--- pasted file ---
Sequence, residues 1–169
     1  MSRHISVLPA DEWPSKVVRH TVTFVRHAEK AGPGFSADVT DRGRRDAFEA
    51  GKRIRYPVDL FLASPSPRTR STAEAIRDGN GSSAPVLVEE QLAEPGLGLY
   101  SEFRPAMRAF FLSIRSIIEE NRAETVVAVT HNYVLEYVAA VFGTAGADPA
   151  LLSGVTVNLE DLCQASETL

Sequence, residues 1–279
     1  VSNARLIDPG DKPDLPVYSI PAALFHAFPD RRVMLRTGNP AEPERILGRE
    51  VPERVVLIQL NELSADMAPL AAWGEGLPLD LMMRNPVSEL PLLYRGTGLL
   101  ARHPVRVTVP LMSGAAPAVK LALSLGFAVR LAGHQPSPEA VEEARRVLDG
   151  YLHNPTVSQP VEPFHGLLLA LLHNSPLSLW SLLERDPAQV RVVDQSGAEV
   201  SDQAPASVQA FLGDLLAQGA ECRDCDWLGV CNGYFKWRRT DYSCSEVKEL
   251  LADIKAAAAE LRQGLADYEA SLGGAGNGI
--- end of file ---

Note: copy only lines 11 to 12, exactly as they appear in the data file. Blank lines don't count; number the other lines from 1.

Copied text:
   201  SDQAPASVQA FLGDLLAQGA ECRDCDWLGV CNGYFKWRRT DYSCSEVKEL
   251  LADIKAAAAE LRQGLADYEA SLGGAGNGI